LOS ANGELES, (AFP) — Lance Armstrong plans to admit to doping in an interview with Oprah Winfrey that will be taped on Monday at the disgraced cyclist’s home in Austin, Texas, USA Today reported.
In an article posted on its website on Friday night, USA Today cited “a person with knowledge of the situation” as saying Armstrong plans to admit for the first time to doping throughout his career, but that he probably will not get into great detail about specific cases and events.
The announcement that Armstrong had agreed to an interview, to air on Winfrey’s OWN cable TV network on Thursday, had sparked widespread speculation that he might finally confess to being a drug cheat after years of strenuous denials.
It will be Armstrong’s first interview since he was stripped in October of his seven Tour de France titles after the U.S. Anti-Doping Agency (USADA) said he helped orchestrate the most sophisticated doping program in sports history.
Nicole Nichols of Winfrey’s OWN network said on Wednesday “no question is off-limits” in the interview, for which Armstrong will not receive any payment.
Last week, The New York Times reported that Armstrong, 41, was considering publicly admitting that he used banned performance-enhancing drugs in an apparent bid to return to competitive sport in marathons and triathlons.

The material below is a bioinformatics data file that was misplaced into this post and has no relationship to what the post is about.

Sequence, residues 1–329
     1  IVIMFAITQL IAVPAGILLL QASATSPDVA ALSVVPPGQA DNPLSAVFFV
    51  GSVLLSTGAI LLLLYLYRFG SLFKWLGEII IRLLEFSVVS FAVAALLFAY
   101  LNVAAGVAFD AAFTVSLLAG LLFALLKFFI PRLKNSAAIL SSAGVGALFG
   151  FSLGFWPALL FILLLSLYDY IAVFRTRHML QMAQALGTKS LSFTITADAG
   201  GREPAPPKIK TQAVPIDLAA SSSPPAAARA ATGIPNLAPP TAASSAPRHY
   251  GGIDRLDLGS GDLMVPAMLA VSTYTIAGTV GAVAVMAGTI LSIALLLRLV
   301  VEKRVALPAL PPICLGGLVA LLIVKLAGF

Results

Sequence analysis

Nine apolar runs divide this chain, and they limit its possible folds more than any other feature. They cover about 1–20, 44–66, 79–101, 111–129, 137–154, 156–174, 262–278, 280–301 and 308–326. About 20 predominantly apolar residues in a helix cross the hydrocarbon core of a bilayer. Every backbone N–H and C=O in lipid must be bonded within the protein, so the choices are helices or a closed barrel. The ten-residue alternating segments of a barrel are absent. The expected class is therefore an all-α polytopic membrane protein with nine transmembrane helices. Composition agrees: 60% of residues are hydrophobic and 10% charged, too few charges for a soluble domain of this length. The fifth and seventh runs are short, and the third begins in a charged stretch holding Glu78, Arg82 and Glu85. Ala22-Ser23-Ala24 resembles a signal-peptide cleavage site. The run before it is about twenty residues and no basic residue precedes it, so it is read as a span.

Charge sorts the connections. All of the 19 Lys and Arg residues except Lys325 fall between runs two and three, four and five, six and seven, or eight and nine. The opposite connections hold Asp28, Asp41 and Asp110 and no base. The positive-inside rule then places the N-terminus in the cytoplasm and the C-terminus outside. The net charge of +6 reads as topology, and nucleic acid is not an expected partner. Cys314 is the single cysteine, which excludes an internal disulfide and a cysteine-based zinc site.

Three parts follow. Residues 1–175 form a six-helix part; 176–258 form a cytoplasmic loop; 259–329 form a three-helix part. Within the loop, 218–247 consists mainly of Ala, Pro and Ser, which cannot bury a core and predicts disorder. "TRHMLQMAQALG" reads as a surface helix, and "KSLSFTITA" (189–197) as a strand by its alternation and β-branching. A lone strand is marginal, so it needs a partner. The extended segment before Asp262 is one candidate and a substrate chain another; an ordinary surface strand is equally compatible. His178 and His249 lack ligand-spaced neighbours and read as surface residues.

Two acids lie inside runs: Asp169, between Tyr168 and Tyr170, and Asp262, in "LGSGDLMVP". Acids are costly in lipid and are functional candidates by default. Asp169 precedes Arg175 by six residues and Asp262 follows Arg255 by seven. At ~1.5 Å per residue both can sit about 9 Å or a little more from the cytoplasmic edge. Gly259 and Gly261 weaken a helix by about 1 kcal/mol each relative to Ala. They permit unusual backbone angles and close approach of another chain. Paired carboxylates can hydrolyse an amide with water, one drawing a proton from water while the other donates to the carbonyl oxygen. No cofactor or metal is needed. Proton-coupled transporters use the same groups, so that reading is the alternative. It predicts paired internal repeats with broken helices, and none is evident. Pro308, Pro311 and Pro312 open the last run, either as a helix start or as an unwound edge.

On her Twitter feed Tuesday, Winfrey said: “Looking forward to this conversation with @lancearmstrong”. Armstrong retweeted that message on his own Twitter account.
Not everyone is convinced that such an interview is the proper venue for Armstrong to address the charges against him. “Only Lance would get to have his moment of truth, if that’s what it will be, in front of Oprah Winfrey,” said British cyclist David Millar, who served a two-year ban after admitting doping in 2004 and is now a member of the
athletes’ commission for the World Anti-Doping Agency. “It is not sitting in front of a judge or a disciplinary hearing being properly questioned about the things he has done wrong.”
Any confession by Armstrong could have legal or financial ramifications. Since the International Cycling Union effectively erased him from the sport’s record books, British newspaper The Sunday Times has already sued Armstrong for more than$1.6 million over a libel payment made to him in 2006.
The newspaper paid Armstrong £300,000 to settle a libel case after publishing a story suggesting he may have cheated, and now wants that money plus interest and legal costs repaid.
A Texas insurance company, SCA Promotions, has also threatened legal action to recoup millions of dollars in bonuses that it paid to him for multiple Tour victories.
Armstrong’s years of dominance in the sport’s greatest race raised cycling’s profile in the United States to new heights and gave him a unique platform to promote cancer awareness and research. The Lance Armstrong Foundation has raised almost $500 million since its creation in 1997. But in the aftermath of the allegations, several top sponsors dropped Armstrong and the ultimate embarrassment came on November 14 when his name was dropped from the charity he founded, which now is known as the Livestrong Foundation.